“I think aged care is a sector that needs a lot of love. You need the right people in there doing the right job,” she says.
“The older generation, they’re the reason why we’re all here and that respect and understanding for what they need is really important.”
“I’ve worked in it, and I know how understaffed they [staff] are and it breaks your heart as a worker when you know that you’re doing everything you can, but you just don’t have the support behind you to do more.”
At an Olympics where almost everything will be different, coming up with a form guide for which nation will take home gold is difficult after significant disruptions to international racing due to the pandemic.
Nevertheless, Rowe says the crew remains “quietly confident” of a good showing.
“We’ve worked really hard on where we’re at right now and I think going into the Olympics, we’ll be in the best shape we can possibly be in and are hoping that our bow is in front of all the other nations.”
When she returns home from the Olympics, the 28-year-old is hoping to secure a job at the Northern Beaches Hospital, and plans to continue balancing nursing and rowing.
She says the past four years, and her whirlwind rise to the top, sunk in at recent gathering with friends and family to celebrate making the Olympic team.
“You don’t realise what you’ve done until other people are telling you and you kind of stop and get quite emotional when you think about it,” Rowe says.
“Four years ago I was rowing at the beach and on the ergo and now I’m rowing at the Olympic Games, which is the pinnacle of the sport.”
Rachael Lynch – Women’s Hockey – Hockeyroos goalkeeper
In March last year, the looming 2020 Tokyo Olympics were postponed to 2021 due to the escalating global COVID-19 pandemic.
Facing the prospect of imminent border closures, star Hockeyroos goalkeeper Rachael Lynch, then working on the neuro-rehab ward at Perth’s Fiona Stanley Hospital, had a tricky decision to make – return home to her family in Victoria, or stay to contribute to the frontline pandemic response.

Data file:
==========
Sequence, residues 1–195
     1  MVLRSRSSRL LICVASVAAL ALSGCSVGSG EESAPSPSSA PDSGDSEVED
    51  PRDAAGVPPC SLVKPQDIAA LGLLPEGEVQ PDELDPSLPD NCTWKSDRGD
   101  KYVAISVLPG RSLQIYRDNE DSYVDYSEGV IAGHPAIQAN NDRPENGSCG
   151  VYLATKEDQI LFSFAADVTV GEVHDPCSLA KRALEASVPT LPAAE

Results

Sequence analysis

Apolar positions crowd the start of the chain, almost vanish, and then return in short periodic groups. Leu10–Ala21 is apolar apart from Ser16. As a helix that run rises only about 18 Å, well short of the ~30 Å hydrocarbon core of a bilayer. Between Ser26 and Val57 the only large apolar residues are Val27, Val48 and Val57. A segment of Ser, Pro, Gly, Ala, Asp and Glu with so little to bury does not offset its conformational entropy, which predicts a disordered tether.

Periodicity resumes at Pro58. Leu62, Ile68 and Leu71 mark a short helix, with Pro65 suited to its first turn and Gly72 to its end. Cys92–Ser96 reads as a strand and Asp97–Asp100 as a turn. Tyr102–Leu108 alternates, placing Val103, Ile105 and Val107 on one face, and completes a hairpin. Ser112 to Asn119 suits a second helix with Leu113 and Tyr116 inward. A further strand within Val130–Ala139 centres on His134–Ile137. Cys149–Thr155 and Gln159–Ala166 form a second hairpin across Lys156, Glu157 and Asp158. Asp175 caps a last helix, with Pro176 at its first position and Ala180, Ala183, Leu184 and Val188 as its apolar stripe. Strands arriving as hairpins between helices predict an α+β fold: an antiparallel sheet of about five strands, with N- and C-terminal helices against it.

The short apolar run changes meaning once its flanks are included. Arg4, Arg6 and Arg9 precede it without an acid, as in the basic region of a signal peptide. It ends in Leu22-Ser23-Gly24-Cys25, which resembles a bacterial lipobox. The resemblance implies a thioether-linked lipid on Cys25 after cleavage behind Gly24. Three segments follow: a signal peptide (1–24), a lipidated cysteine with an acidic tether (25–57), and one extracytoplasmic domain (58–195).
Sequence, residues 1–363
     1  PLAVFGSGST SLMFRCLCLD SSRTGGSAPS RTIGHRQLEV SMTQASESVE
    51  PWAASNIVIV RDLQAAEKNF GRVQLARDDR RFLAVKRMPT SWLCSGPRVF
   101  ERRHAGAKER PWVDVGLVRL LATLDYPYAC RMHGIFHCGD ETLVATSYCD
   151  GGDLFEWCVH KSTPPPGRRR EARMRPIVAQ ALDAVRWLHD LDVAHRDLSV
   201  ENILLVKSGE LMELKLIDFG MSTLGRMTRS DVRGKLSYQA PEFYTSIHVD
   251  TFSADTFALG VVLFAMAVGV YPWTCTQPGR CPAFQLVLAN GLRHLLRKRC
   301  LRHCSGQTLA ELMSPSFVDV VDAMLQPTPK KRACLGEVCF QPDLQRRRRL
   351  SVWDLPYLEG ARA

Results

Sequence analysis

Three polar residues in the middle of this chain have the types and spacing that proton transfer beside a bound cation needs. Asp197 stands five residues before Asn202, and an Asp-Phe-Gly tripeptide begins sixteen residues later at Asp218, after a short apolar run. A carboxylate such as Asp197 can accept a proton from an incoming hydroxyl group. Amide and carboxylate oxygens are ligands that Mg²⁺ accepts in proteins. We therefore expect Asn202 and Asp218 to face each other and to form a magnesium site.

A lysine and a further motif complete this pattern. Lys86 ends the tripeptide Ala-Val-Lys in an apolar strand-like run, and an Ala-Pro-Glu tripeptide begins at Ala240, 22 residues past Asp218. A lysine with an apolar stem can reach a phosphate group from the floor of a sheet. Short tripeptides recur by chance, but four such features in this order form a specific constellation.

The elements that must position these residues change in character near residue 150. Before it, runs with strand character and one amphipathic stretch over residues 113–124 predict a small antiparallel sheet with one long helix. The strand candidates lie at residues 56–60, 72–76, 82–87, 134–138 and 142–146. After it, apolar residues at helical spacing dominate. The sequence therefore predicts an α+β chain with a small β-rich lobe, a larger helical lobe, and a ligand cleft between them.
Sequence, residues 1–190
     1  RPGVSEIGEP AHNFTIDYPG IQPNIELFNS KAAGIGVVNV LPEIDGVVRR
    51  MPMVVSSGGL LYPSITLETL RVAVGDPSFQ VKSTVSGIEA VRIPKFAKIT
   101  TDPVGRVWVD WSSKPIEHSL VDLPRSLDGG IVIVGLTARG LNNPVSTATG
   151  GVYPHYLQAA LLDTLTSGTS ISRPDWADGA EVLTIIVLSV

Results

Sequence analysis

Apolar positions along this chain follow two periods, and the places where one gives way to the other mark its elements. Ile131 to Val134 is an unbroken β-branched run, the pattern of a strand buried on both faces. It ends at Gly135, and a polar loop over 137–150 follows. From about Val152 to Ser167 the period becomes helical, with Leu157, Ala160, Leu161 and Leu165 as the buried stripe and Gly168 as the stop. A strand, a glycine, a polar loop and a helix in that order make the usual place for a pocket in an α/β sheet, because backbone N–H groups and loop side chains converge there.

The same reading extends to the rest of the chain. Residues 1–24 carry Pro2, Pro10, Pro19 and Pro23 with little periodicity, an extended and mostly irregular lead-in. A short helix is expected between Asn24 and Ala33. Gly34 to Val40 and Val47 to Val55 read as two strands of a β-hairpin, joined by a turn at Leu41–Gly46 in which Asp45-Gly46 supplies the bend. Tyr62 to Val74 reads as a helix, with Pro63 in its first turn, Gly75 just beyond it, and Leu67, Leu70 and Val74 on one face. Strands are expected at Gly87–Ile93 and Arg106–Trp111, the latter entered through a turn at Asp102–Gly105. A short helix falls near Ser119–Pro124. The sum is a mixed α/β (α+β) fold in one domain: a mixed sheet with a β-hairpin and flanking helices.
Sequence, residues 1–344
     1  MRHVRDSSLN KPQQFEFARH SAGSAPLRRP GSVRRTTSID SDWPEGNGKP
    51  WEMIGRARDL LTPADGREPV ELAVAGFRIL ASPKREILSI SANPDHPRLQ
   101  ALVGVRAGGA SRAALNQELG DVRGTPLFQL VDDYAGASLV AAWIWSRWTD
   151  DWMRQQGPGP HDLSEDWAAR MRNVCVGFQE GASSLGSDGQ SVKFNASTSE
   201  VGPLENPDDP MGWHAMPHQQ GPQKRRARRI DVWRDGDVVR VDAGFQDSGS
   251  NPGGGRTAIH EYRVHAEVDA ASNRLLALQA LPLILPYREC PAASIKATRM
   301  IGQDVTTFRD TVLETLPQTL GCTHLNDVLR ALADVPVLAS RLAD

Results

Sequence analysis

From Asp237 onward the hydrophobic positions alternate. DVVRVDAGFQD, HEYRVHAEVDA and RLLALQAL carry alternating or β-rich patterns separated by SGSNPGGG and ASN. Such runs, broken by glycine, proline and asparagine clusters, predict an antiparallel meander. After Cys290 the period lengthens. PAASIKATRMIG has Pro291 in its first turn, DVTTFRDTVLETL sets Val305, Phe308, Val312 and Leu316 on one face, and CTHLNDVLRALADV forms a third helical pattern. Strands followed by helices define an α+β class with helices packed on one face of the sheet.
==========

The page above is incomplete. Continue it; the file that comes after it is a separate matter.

It was an easy call.
“Choosing to stay here [Perth] was, essentially, something I felt I had to do, and wanted to do,” Lynch recalls.
“I tried to pick up as many shifts as I could at the hospital but WA did such a good job at keeping COVID out that we didn’t have the chaos that other [states] did so we were quire fortunate. It was a stressful time for many but I was glad that I could actually take an active role in helping.”
After finishing high school, Lynch began studying sports psychology. As part of the course, she did some volunteer work at a nursing home and enjoyed it so much that she switched career paths.
“I guess I just have a desire to help people and it kind of fell into place. Once I got into starting the [nursing] degree I knew that it was the profession for me,” Lynch, whose Mum is also a nurse, says.
“It’s just being able to help people and the satisfaction I get from building relationships and being able to make a difference to someone’s life. It’s more the people and care element, rather than the technical parts of it, that interest me.”
A veteran of more than 220 caps for Australia, which includes dual Commonwealth Games gold medals, Lynch took up hockey after being selected in the Victorian primary schools state team.
She played numerous sports growing up, with basketball her most-favoured. Yet she excelled at hockey and, at age 14, made the decision to focus on it.
Lynch suggests she was initially identified as a goalkeeping prospect because of her sharp hand-eye coordination and athleticism. Before long, she had mastered the position.
“I like the mental side of it,” Lynch explains.
“It’s high pressure, last line of defence kind of thing, and that’s a great challenge. You can help your team, prevent them from losing, but you can’t help them win, so sometimes it’s not a very glorified position.”
Much like donning PPE on the COVID-19 frontline, Lynch says the pads and protective gear she wears on the hockey field arm her with supreme confidence.
“It can be a little nerve-wracking at times but I have good protection on and that makes a difference. It gives me confidence and I suppose you feel a bit like a warrior going into battle with all your gear on.”
The 35-year-old made her international senior team debut in 2006 and represented Australian in her maiden Olympics in Rio in 2016.
Throughout her career, the Hockeyroos stalwart has managed to strike a healthy balance between nursing and the demands of elite hockey, thanks in part to flexible bosses who have allowed her to choose shifts.